When President Carter ordered the Federal Reserve Board to impose credit controls last March 14, the White House expected the restraints to have only a marginal impact on the overall economy.

Faced with near-panic in the financial markets over a rising budget deficit and soaring interest rates, strategists were looking for a new gesture that would help dampen inflationary fever and blunt speculation in the markets.

What they got, instead, was a national psychological hammer-blow that sent consumers retrenching sharply, heightened the strain on business and made the economy plunge into recession far more rapidly than it would have otherwise.

Now six and one-half months later -- and 13 weeks after the restraints program was fully dismantled -- analysts are asking whether the controls really worked or were simply a panicky reaction that ultimately did more harm than good.

Despite the economy's steep second-quarter slide, inflation seems little improved from where it was before, and interest rates have soared back to the levels they had reached last February. Was it all really worth the trouble?

Economists are divided on the answer.

Those supporting the program argue that the restraints helped ward off a new wage-price that otherwise could have resulted from the inflation psychology that had beset the country.

"There simply was no other choice," says one official involved in the decision. "Everyone seemed convinced the bond market was on the verge of collapse. People were panic-buying. Nothing else would have done the job."

But some outside analysts contend that the entire escapade was not really necessary after all, and the restraints only made the economy more unstable -- and vulnerable, to day-to-day shocks.

Allen Sinai, economist at Data Resources Inc., points out that the crunch already had begun by the time controls were imposed -- the result of a lagged impact from the Fed's money- and credit-tightening moves of the previous Oct. 6.

If the White House "had had a little more patience," the situation would have resolved itself, Sinai contends. He charges that imposition of the controls was a "panic" reaction that proved counterproductive.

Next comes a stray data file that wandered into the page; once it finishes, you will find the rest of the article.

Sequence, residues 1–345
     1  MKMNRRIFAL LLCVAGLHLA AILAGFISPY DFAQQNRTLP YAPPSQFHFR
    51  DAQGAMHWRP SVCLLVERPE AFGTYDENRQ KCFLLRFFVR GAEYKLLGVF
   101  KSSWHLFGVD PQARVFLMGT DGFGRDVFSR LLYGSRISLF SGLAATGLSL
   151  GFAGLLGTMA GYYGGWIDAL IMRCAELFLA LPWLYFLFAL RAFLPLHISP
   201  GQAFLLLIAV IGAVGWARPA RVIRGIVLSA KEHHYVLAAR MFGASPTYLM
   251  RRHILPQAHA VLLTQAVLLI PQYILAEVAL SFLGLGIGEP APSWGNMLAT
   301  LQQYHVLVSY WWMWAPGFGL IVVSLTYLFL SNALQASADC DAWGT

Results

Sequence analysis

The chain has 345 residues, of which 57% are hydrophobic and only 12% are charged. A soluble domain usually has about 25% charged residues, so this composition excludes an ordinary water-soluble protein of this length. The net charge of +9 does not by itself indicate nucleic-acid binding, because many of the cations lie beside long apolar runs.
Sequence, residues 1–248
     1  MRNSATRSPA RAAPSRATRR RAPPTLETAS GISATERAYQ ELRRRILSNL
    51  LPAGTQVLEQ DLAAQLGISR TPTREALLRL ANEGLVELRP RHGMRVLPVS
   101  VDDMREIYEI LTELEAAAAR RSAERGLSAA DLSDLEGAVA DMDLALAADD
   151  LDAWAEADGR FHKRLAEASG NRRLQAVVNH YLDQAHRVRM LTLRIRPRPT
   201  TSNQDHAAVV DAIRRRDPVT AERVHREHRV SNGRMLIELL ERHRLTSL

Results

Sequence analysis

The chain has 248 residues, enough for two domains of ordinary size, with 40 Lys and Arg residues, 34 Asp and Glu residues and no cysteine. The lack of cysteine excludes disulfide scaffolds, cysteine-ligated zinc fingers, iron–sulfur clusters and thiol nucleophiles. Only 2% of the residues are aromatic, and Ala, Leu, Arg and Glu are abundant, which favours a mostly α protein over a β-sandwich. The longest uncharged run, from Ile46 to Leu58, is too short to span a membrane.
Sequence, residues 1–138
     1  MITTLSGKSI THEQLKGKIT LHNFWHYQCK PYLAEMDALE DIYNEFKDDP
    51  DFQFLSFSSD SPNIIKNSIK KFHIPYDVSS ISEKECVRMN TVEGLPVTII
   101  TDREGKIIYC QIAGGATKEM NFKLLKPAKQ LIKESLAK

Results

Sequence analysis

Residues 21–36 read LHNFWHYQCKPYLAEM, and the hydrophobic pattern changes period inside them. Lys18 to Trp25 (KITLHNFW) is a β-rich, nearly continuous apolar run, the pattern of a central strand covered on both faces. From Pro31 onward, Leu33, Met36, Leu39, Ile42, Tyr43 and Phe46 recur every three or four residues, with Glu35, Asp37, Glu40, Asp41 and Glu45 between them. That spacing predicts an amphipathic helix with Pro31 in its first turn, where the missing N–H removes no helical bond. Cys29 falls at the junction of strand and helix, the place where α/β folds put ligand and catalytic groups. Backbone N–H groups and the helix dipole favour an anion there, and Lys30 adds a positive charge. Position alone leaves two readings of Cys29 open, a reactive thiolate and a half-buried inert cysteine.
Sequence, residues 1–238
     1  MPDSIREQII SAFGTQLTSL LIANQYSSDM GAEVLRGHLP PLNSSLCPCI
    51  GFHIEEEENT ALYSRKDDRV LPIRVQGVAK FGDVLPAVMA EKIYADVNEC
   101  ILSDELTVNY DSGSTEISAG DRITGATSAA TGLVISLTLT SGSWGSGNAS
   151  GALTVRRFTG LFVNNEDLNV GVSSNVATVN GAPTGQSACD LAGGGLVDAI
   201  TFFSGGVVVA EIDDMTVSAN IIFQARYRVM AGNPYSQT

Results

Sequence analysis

And in a detailed analysis prepared for the U.S. Chamber of Commerce, Ronald D. Utt brands the controls program "an excessive reaction to one or two months of unexpectedly had reports on credit growth and prices."

Utt asserts there was "no lasting contribution" from the restraints: "We merely paid a very high price for what may have been nothing more than a few months of temporarily depressed growth in the consumer price index,"

How well did the controls really work?

Initial reaction from papers and discussions by several key economists in the past few days suggest these considerations:

Whatever the other pros and cons, there is general agreement that the controls were effective psychologically in dampening the inflationary fever that had gripped the nation -- and in blunting speculation in the markets.

They also helped ward off any new burst of inflation that may have resulted from the panic-buying that set in at the time. (Economists are split over how much inflation might have accelerated, but pressures were strong.)

At the same time, nearly everyone agrees the restraints made the economy slide into the recession far more rapidly than it would have otherwise.

Almost overnight, consumers slashed spending sharply, prompting manufacturers to respond quickly by cutting production.

Evidence indicates that many families were on the verge of cutting back anyway, but the controls appeared to provide the catalyst. As Sinai puts it, imposition of the controls "made people think that using credit cards was immoral."